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Am J Med Sci. 1988 Dec;296(6):392-8.

Use of microbiology reports by physicians in prescribing antimicrobial agents.

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Department of Medicine, Mercy Hospital, Buffalo, New York.


The purpose of this study was to examine the use of microbiologic reports by physicians in prescribing antimicrobial agents in a community hospital setting. Patients were identified by daily review of all blood, urine, and sputum cultures that grew pathogen(s) during a 7-week period. Appropriateness of antibiotic therapy was based on results of antibiotic susceptibility testing of isolated pathogen(s). The physician response to culture results was evaluated on changes made in antimicrobial therapy. Seventy-one patients with 73 cultures (infections) were identified; 70% of the infections were community acquired. The frequency of each infection during the study period was: bacteremia (N = 12), pneumonia (N = 18), definite urinary tract infection (N = 26) and probable urinary tract infection (N = 17). Initial treatment was appropriate in 49 of 73 (67%) episodes; the organism(s) isolated were resistant to initial therapy in 24 of 85 (33%) episodes. After culture results were available, 34 of 73 (47%) regimens were changed, but only 50% of the changes were considered appropriate. Overall, there was no significant difference in the proportion of all treatment regimens considered appropriate before (67%) and after (56%) culture results were known. We conclude that results of cultures and antibiotic susceptibility data had little influence on appropriateness of antibiotic prescribing in the hospital setting.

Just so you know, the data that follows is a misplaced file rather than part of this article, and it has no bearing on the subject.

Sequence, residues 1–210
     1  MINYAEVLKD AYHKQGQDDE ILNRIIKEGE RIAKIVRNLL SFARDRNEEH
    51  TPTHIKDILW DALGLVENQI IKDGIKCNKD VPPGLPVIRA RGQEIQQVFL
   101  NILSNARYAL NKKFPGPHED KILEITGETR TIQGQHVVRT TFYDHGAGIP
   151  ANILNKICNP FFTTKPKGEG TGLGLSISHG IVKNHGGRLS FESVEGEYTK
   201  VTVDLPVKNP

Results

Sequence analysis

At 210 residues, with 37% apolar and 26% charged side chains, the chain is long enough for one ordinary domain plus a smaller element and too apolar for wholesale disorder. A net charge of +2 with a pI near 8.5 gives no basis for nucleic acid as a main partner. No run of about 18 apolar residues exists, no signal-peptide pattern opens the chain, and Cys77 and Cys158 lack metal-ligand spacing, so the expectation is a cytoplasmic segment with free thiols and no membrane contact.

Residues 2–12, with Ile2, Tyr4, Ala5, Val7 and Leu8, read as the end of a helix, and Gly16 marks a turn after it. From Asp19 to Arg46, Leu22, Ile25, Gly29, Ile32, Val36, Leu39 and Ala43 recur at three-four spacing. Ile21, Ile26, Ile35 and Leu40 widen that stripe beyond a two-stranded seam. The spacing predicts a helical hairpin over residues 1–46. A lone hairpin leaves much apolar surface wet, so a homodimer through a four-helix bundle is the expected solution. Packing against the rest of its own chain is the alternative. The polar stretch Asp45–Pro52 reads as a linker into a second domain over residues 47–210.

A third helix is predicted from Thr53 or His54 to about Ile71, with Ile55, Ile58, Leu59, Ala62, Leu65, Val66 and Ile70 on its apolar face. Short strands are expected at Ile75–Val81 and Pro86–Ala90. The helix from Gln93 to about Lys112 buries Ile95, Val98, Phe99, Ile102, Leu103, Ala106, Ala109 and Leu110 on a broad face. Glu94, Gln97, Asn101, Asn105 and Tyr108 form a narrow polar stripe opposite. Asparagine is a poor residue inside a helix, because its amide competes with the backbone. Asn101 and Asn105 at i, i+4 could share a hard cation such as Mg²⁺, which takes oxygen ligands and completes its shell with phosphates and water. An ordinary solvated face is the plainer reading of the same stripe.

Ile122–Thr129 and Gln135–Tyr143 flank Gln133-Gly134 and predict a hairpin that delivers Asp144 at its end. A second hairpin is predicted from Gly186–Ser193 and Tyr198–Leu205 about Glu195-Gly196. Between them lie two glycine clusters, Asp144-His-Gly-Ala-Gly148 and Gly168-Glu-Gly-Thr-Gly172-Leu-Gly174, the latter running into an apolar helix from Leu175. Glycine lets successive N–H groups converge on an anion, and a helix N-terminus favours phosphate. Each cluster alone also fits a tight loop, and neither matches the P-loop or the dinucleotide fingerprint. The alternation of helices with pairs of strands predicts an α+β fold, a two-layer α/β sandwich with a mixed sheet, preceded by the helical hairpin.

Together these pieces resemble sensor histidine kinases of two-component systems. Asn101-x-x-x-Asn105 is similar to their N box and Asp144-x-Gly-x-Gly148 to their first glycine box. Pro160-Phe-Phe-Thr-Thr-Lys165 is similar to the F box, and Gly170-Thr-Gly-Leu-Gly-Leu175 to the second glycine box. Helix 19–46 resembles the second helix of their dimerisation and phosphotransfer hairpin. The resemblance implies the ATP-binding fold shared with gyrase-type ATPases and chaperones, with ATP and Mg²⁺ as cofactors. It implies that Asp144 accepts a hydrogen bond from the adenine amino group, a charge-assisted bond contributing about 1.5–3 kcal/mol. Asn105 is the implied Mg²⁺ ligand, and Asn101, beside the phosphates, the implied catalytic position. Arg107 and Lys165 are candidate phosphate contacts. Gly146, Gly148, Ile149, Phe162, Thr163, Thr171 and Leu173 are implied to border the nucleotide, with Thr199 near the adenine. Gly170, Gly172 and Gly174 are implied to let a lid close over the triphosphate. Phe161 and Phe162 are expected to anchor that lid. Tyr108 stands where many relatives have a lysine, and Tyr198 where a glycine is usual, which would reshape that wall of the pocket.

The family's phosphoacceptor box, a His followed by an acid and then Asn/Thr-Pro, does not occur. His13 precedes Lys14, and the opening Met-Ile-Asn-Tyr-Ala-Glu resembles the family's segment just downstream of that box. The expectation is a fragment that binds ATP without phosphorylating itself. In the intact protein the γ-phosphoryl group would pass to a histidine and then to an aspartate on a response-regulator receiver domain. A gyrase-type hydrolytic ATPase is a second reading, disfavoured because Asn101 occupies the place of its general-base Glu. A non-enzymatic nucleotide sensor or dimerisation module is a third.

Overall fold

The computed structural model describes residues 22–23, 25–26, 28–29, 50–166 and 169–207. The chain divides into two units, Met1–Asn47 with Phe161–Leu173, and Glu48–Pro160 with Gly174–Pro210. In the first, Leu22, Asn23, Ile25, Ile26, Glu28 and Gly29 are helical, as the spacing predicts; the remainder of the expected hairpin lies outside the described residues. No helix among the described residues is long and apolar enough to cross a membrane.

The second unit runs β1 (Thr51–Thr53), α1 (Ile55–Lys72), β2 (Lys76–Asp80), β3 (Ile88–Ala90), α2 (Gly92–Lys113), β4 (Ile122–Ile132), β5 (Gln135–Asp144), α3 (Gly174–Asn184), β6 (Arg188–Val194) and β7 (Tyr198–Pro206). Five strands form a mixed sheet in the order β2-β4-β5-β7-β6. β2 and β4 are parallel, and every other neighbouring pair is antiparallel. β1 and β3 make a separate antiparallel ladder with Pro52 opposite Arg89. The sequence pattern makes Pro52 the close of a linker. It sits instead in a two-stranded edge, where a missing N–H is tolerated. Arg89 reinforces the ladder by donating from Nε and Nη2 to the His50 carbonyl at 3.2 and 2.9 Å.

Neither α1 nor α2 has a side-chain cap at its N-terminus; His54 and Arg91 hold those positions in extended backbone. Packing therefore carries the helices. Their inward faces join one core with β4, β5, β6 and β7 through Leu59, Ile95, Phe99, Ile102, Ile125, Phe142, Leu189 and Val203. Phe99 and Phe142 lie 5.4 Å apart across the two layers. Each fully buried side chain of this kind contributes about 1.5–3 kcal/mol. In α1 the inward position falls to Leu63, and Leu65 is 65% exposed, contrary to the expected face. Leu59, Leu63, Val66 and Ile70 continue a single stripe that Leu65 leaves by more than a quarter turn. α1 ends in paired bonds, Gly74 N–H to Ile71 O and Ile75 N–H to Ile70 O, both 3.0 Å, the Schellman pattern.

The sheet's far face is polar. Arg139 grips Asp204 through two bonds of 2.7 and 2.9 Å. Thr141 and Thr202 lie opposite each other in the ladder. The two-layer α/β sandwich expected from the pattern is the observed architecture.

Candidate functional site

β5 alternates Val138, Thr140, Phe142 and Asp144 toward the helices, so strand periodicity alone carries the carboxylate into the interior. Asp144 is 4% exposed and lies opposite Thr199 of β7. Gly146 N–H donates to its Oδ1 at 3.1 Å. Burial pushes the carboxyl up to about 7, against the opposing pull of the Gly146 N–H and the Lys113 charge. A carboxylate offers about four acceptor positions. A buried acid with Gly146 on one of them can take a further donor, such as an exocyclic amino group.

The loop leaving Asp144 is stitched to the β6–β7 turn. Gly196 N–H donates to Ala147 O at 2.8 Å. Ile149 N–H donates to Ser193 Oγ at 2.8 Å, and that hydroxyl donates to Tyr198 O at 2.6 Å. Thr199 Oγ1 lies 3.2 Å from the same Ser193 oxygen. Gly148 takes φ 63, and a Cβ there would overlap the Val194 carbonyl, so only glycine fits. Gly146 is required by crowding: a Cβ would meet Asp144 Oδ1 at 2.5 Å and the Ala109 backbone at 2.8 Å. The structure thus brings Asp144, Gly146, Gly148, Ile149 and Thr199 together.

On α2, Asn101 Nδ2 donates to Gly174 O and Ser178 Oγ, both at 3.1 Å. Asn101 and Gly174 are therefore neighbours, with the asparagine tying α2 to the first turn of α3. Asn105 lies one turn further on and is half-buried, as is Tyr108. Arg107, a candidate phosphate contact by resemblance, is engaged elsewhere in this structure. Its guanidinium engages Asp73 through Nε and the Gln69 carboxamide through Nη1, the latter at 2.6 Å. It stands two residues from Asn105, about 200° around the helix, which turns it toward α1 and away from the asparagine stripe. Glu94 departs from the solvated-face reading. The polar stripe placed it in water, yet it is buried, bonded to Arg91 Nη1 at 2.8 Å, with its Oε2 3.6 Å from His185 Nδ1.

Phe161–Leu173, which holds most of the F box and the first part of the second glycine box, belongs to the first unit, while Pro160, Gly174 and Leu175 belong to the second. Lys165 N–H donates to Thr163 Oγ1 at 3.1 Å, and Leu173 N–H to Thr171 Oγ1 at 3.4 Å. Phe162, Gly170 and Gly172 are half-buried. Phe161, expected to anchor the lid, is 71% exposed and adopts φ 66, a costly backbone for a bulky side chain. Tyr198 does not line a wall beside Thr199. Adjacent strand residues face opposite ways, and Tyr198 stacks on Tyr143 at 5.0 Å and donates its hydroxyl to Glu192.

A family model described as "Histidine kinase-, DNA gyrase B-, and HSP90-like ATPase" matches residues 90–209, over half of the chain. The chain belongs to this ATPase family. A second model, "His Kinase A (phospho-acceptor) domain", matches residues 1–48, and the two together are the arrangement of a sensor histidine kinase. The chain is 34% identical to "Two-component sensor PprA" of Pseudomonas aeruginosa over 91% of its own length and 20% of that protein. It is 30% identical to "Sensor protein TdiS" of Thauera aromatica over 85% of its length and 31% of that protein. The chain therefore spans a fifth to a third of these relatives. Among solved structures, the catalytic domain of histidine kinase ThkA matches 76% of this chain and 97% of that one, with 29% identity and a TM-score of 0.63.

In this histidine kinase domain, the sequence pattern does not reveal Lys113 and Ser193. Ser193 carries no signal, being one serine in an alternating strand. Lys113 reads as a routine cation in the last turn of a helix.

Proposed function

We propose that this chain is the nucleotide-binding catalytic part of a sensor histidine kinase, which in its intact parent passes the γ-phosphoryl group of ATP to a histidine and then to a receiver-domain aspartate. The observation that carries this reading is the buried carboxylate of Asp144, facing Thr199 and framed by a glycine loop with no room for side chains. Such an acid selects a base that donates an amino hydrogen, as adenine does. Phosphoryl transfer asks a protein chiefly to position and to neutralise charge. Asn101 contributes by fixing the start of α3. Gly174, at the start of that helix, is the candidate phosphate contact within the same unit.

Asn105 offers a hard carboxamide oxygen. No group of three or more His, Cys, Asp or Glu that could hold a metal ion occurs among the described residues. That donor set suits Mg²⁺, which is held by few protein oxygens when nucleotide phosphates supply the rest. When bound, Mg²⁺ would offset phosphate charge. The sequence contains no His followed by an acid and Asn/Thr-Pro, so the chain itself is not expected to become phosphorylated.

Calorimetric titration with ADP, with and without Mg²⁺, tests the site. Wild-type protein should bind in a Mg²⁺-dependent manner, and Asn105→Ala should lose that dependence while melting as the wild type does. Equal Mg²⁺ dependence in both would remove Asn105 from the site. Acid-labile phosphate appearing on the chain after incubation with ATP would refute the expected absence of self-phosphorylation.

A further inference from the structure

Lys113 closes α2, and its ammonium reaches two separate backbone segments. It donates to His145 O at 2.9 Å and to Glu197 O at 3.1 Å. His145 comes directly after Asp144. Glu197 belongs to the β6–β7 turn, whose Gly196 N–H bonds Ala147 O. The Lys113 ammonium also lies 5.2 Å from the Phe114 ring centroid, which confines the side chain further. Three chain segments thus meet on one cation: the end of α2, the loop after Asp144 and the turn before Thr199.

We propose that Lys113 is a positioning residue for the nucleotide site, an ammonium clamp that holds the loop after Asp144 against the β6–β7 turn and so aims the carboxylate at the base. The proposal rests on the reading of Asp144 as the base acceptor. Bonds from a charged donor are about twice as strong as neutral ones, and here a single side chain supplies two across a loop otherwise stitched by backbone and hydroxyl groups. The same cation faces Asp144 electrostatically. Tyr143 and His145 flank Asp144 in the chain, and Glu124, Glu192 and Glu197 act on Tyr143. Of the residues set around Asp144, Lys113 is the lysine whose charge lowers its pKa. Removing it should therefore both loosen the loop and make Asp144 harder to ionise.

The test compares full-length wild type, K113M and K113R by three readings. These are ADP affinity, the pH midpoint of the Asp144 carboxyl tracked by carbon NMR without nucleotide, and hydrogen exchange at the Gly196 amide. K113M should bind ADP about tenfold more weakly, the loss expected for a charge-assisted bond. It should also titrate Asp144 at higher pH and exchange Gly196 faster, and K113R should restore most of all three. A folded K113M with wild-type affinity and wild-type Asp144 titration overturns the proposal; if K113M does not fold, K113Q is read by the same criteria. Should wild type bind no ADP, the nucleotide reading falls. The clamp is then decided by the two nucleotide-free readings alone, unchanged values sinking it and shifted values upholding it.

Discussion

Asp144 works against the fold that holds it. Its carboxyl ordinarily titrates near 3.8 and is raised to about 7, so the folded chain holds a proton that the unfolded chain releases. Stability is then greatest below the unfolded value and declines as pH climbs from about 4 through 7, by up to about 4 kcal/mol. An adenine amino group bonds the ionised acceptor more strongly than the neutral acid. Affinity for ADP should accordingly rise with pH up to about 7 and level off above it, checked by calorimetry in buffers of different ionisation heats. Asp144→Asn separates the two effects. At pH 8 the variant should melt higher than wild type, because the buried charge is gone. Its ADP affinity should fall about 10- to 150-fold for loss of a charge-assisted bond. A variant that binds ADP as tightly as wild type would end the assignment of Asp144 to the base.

[Indexed for MEDLINE]

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